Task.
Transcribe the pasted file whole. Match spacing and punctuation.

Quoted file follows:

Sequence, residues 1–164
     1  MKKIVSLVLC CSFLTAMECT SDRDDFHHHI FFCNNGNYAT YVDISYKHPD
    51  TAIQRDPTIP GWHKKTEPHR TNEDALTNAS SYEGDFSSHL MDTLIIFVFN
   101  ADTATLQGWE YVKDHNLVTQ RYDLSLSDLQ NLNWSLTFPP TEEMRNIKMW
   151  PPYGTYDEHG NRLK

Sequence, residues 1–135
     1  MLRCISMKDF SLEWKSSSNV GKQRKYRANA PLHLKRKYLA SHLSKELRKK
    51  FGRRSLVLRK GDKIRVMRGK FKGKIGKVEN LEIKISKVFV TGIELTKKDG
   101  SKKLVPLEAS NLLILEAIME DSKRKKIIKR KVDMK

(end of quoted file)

Sequence, residues 1–164
     1  MKKIVSLVLC CSFLTAMECT SDRDDFHHHI FFCNNGNYAT YVDISYKHPD
    51  TAIQRDPTIP GWHKKTEPHR TNEDALTNAS SYEGDFSSHL MDTLIIFVFN
   101  ADTATLQGWE YVKDHNLVTQ RYDLSLSDLQ NLNWSLTFPP TEEMRNIKMW
   151  PPYGTYDEHG NRLK

Sequence, residues 1–135
     1  MLRCISMKDF SLEWKSSSNV GKQRKYRANA PLHLKRKYLA SHLSKELRKK
    51  FGRRSLVLRK GDKIRVMRGK FKGKIGKVEN LEIKISKVFV TGIELTKKDG
   101  SKKLVPLEAS NLLILEAIME DSKRKKIIKR KVDMK